Christchurch City council lambasted for considering satellite-based tracking of motorists

Chris Lynch
Chris Lynch
Aug 25, 2022 |

Privacy and legal analysis have criticised the Christchurch City Council for considering satellite-based navigation systems to track Christchurch motorists.

It’s one idea being considered in the council’s unfinished draft transport plan, with the aim to make drivers pay more money.

Councillors Phil Mauger and Aaron Keown forced the council to release the plan, despite reluctance from council staff.

The report recommends ways to make driving as unattractive as possible to force residents off the roads and into public transport.

The plan aims to reduce distances travelled by cars and light vehicles by 20% by 2035.

The council document said road pricing will play a key role in reducing emissions, alongside changes to land use and investment in public transport.

Source: Christchurch City Council

“Road pricing means that motorists pay directly for driving on a particular roadway or in a particular area, for how much they drive and when.

The report said road pricing can reduce congestion by encouraging people to travel in different ways and at different times, and choose alternatives to the car.

“Although congestion is not currently a major problem in Christchurch, it will become an issue if our growth continues at the same rate and our travel patterns do not change.”

It said road pricing will contribute towards reduced emissions as one tool to incentivize changed travel behaviour, away from cars and towards public and active transport.

People pay for roads based on how much fuel they use (fuel excise) and how many cars they own (vehicle registration), not based on how far and when they drive. This means that there is currently no price.

New legislation would be required for the full implementation of road pricing.

The report mentions network charging where drivers are charged based on a combination of the time of day, location and distance travelled.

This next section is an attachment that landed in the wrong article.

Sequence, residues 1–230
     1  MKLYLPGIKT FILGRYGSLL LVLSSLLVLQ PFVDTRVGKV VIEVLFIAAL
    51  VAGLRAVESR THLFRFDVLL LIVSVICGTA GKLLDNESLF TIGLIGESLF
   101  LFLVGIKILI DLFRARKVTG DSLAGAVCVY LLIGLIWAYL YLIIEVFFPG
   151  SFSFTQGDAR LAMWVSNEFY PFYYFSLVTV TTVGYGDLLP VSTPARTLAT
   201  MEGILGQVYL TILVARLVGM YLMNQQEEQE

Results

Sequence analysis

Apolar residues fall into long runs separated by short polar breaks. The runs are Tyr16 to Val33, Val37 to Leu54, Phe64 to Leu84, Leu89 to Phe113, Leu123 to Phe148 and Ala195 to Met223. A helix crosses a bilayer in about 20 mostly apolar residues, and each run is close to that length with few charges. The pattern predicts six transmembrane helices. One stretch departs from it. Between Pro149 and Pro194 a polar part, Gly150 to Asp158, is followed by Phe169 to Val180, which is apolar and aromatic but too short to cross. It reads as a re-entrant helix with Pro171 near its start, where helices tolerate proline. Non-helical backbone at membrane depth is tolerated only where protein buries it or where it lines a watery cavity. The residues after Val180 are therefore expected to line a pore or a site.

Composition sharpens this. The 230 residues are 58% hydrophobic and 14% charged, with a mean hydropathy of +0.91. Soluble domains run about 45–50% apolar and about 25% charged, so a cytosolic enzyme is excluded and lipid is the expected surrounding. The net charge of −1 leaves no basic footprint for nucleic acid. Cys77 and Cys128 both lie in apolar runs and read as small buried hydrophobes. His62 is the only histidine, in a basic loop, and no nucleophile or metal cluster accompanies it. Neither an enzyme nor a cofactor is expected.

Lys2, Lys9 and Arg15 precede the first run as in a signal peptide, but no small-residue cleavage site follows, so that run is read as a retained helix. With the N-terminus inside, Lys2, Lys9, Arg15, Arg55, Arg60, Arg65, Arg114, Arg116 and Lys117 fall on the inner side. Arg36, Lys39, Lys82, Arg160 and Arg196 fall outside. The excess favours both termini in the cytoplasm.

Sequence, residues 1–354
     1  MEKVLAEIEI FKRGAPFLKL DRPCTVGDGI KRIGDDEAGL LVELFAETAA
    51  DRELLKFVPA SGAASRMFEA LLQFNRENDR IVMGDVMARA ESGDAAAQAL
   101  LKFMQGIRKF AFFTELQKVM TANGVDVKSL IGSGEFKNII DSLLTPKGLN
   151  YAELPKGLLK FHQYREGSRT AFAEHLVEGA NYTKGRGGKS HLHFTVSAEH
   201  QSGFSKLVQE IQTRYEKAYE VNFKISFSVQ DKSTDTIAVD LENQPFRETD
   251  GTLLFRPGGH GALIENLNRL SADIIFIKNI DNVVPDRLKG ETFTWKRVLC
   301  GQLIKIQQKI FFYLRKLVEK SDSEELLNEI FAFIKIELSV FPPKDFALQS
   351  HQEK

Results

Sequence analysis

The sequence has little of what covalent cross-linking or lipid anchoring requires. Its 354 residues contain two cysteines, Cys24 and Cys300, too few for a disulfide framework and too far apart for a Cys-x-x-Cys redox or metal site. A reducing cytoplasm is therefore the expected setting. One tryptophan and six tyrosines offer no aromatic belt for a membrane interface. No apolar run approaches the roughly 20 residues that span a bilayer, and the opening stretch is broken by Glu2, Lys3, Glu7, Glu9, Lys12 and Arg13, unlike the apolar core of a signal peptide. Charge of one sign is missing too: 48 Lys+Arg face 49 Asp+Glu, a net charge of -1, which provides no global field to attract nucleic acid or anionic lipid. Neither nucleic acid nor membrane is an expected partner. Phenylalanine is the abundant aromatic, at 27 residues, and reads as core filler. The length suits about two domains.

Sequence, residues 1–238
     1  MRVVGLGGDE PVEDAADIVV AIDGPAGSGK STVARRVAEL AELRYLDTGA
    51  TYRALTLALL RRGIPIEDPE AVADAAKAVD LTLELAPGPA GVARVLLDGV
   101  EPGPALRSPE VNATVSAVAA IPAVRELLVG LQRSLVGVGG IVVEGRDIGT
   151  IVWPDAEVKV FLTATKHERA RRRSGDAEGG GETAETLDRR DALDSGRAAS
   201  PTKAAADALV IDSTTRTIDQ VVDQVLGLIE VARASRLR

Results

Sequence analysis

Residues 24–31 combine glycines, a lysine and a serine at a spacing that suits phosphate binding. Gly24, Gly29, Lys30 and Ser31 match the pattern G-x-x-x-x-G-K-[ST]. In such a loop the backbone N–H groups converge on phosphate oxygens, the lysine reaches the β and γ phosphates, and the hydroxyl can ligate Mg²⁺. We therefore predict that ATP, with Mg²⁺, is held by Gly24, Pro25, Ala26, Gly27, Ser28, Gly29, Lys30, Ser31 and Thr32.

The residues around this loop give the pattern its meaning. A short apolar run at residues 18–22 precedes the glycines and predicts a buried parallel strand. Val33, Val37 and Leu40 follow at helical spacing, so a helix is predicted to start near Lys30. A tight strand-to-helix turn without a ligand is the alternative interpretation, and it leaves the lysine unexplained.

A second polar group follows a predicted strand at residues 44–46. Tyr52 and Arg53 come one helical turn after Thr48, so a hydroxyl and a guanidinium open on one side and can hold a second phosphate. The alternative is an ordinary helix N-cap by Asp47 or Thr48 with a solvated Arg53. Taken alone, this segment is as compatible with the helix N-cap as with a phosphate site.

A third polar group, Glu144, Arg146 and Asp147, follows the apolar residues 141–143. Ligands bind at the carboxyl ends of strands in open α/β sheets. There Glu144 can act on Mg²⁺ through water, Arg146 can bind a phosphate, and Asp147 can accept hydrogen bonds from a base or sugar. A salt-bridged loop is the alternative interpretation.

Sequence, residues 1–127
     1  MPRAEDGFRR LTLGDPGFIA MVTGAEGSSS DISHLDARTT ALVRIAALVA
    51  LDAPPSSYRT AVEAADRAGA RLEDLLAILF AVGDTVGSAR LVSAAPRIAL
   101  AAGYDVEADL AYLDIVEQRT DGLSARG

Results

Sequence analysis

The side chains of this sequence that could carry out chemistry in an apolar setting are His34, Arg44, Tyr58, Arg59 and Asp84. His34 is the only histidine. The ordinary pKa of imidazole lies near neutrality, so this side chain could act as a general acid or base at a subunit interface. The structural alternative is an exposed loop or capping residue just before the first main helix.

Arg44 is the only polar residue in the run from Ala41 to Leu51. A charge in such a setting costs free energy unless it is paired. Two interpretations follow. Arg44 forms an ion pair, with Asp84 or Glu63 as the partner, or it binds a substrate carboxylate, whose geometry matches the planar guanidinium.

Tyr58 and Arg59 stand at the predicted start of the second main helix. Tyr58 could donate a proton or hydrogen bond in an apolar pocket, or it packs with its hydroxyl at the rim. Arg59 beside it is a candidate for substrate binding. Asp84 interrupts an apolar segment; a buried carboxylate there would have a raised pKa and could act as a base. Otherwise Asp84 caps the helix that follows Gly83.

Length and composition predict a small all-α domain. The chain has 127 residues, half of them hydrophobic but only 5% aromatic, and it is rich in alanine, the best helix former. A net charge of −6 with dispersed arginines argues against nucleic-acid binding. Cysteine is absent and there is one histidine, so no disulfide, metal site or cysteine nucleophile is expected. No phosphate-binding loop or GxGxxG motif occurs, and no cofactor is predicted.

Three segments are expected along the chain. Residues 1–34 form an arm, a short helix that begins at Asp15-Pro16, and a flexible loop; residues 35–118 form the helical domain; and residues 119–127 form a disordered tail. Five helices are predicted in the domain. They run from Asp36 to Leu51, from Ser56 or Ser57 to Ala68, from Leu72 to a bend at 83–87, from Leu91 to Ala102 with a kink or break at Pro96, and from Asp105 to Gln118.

“This may require in-vehicle Global Navigation Satellite System hardware. This is proposed for Singapore” the council report said.

Singapore will switch to a satellite-based electronic road pricing (ERP) system next year.

All drivers in Singapore will have a Global Navigation Satellite System installed in their vehicles.

The system aims “manage traffic congestion through distance-based road pricing, where motorists are charged according to the distance travelled on congested roads.”

When satellite-based ERP Systems was mooted, there were worries about surveillance and potential breach of privacy.

In a statement posted online in December 2013, opposition party Singapore Political Party expressed concern the satellite system will be used to track vehicles for “unwarranted surveillance”.

Privacy Commissioner Michael Webster had concerns about the system too. On Friday afternoon he issued a statement saying “this proposal would require significant legislative change.

Privacy Commissioner Michael Webster

It raises concerns about intrusion into individual privacy, and we would expect the Council to carry out a full privacy impact assessment before any serious consideration was given to this proposal.”

Councillor Aaron Keown said “for some councillors to say that parts of the plan are not radical shows you how out of touch they are with the majority of ratepayers.

The council plans to gather significant revenue in its bid to price people out of using cars.

This should send alarm bells through the community, especially for those on lower incomes as they will be priced out of cars first.”

Alan Knowsley, Partner at Rainey Collins Lawyers said the concept was concerning.

“Freedom of movement without being tracked is not something to be given away lightly just to justify road user charges.

If your vehicle is tracked who will have access to that data? Will it only be the City Council? Will it be a private contractor? Will it be shared with other agencies eg Police, IRD. What protections will be in place?

Will it be used for other purposes? If not now, when? Who will prevent that from happening?

Having a GPS in your phone means its location is known via cell tower triangulation.”

Knowsley said “adding a GPS compulsorily to your car opens a whole raft of civil liberty questions.

How infrastructure is paid for is a whole other area of concern.

Alan Knowsley, Partner at Rainey Collins Lawyers said the concept was concerning. Photo: Supplied

User pays vs general taxation and the ability of everyone to have access to infrastructure like roads without additional direct cost that only some can afford is another concern.

There are protections in place under the Privacy Act and Local Government Official Information and Meetings Act to prevent disclosure of information.

The Privacy Commissioner oversees the protections under the Privacy Act.

These can be enforced in the Human Rights Review Tribunal but that usually requires the individual to find that legal challenge themselves” Knowsley said.

The Ombudsman oversees the LGOIM Act but they are not resourced to deal with issues in a speedy way.

Making a complaint to the Ombudsman and having that determined is a prerequisite to issuing proceedings in Court but their processes can take a very long time to even get an investigation underway.“

Chris Lynch
Chris Lynch

Chris Lynch is a journalist, videographer and content producer, broadcasting from his independent news and production company in Christchurch, New Zealand. If you have a news tip or are interested in video content, email [email protected]

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